These are my notes for the CCNP SWITCH, 300-115, Objective 1.4.b dot1Q.
Dot1Q is IEEE 802.1Q, the standard for trunking encapsulation. On Cisco switches, you configure dot1q on trunk ports which allow tagged frames to be transported on a trunk link, allowing multiple VLANs to traverse through one link. This extends the VLANs across the network.
When configuring trunk ports, both ends of the link must have the same native VLAN. If the native VLAN does not match, an error message will be displayed on the console.
An interface supports different trunking modes:
- dynamic auto – Interface is able to convert to a trunk link if the other end of the link is set to trunk or desirable mode. This is the default switchport mode.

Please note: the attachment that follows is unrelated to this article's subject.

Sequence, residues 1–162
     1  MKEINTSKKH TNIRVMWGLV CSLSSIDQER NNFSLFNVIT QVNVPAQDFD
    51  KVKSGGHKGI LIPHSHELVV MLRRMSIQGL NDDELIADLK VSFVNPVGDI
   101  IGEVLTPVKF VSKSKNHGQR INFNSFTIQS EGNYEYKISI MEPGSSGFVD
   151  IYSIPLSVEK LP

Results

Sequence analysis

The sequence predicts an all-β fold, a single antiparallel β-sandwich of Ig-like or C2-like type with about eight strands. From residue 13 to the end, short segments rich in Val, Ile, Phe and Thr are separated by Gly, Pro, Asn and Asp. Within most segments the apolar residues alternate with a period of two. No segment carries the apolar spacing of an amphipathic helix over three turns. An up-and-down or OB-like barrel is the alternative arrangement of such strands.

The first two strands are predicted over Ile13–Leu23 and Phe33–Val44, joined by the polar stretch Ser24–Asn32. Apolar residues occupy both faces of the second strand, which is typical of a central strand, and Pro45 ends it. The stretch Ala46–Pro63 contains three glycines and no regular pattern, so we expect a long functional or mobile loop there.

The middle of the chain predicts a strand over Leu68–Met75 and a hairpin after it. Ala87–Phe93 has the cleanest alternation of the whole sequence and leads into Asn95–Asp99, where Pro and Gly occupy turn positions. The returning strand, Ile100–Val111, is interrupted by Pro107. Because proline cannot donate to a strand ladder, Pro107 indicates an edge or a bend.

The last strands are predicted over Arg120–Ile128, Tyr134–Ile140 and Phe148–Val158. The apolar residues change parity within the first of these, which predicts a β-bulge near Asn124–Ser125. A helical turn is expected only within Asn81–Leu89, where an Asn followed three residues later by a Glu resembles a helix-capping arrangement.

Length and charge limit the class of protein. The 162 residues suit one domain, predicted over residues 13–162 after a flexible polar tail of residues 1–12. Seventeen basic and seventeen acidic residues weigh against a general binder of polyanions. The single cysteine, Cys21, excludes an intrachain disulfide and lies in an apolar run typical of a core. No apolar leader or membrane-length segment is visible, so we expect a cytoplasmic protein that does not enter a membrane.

- dynamic desirable – Interface actively tries to convert to a trunk link. The link becomes a trunk if the other end is set to trunk, desirable, or auto mode.
- trunk – Permanently places the interface in trunk mode. Interface becomes a trunk even if the other end is not a trunk interface.
- nonegotiate – Prevents the interface from generating DTP frames.
When an interface is in trunk mode, it is able to send and receive traffic from all VLANs. It is possible to allow only specific VLANs to traverse over the trunk.
Priorities can be set on a parallel trunk port so that the port carries all traffic for a given VLAN. A trunk port with the higher priority (lower value) for a VLAN is forwarding traffic for that VLAN. The trunk port with the lower priority (higher value) for that same VLAN is in the blocking state for that VLAN.
Trunk ports can be configured into an EtherChannel port group with all trunk interfaces with the same configuration. Any changes to the port group will propagate the change to all ports part of the group. [Read more…] about CCNP SWITCH – Dot1Q